As you write your name in the history of RMHCCIN, how will you know you were successful in leading the chapter?

Ideally it will be less about the numbers we served, but more about the depth of how we served each person. My mentor, Karen Campbell, has said on more than one occasion, “I’d rather serve 51 families well than 100 poorly.”

From Jill Rose, RMHCCIN Board Member:
What was the one thing that came as a pleasant surprise to you after you started as CEO at the RMHCCIN?

The generosity of spirit. It comes in so many wonderful ways. That love has sustained us for 40 years. From pop tabs, McDonalds donation boxes, individual fundraisers, dinners, and contributed revenue for operating and capital expenses and endowment; it has helped us do what we do every year. We could not do it without partners and donors.

From Lisa Neice, RMHCCIN Board Member:
If there was one wish that you had for the future of the House/Charity and money was no object, what would it be?

If money were no object, we would build a House large enough that we’d never need a waitlist, with a wide variety of rooms that cater uniquely to each family, with more amenities that make them even more like home. We would offer an expansive kitchen to make it possible for more volunteers to come and provide meals and snacks. I would hire a team of social workers to assess and address families’ needs, better preparing them for their post-stay journey. I would build in follow-up funding so families’ essential needs are fulfilled when they head home. Last, we’d have a robust technology backbone that allows us to collect data and base our decision making on that data.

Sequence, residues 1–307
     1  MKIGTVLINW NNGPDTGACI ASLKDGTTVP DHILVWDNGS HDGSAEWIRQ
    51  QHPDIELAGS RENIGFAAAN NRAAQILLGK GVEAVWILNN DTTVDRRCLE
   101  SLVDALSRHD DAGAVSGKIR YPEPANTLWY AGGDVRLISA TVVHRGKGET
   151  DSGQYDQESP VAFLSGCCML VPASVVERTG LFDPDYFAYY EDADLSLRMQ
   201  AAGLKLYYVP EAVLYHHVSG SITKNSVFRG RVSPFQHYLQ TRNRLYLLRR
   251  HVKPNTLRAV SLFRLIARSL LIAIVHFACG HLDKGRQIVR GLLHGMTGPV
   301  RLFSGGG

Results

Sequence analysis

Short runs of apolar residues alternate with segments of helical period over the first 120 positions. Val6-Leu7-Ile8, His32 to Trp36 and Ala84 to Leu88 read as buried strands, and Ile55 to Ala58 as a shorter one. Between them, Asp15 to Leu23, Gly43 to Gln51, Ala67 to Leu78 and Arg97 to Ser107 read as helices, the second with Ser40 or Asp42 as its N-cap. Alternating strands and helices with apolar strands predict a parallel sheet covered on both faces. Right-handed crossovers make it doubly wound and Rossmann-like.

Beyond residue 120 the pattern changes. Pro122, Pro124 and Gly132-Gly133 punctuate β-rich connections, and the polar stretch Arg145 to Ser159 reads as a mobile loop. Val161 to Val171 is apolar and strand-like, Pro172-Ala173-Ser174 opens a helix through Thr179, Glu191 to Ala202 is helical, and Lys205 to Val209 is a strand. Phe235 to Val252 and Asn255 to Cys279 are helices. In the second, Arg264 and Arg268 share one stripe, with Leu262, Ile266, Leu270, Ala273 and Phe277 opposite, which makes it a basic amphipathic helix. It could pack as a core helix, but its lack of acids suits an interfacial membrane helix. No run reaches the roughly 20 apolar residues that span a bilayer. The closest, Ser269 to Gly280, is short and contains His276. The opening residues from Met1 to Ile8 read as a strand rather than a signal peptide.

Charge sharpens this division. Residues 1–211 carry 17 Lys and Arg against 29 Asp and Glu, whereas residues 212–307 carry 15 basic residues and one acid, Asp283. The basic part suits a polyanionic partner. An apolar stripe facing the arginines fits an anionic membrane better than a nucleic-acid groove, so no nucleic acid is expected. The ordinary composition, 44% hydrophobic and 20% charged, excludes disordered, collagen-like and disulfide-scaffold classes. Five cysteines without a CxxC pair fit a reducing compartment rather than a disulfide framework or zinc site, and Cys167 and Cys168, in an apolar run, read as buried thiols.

From Scott Maybee, RMHCCIN Board Member:
What is your why?

My “why” is to do what I can do to help people develop to their God-given potential. If they have a goal and I can help, I want to do that. I love helping people to discover things about themselves that they’ve not seen. Every person has gifts; sometimes it takes someone else to help them see them.

From Michael Hillsman, RMHCCIN Board Member:
What is your vision for what you want RMHCCIN to look like 40 years from now?

In the next 40 years, I think we can be in a place where we are offering a facility that caters to the unique needs of each family we serve, with programs nimble enough to better address those needs. When a family leaves, I want them to feel supported and more resilient than ever – ready to tackle the long road to recovery that starts when they get home.

Along with that, with hard work and dedication, I think we can have the best volunteer program in the region. We can be the place of choice when it comes to donating time.

Last, but certainly not least, I want to continue to strive for excellence in stewarding our donors and cultivating new donors. Every time someone donates, from $1 to $1,000, they should rest assured they are making a real impact and that their contributions are appreciated and used for the greatest good.

From Mac, Chief Cheer Officer, Good Boy:
What do you love most about me?

Aww, buddy, I love everything about you. I love that you have a personality—you do what you want when it doesn’t matter. When it matters, you show up. When a child, a mom, or a dad needs a hug or a pet, you are there. You are one of my favorite teammates. Quit eating people’s lunches.

Curated by Adam Lowe

Heart & Hearth Winter 2022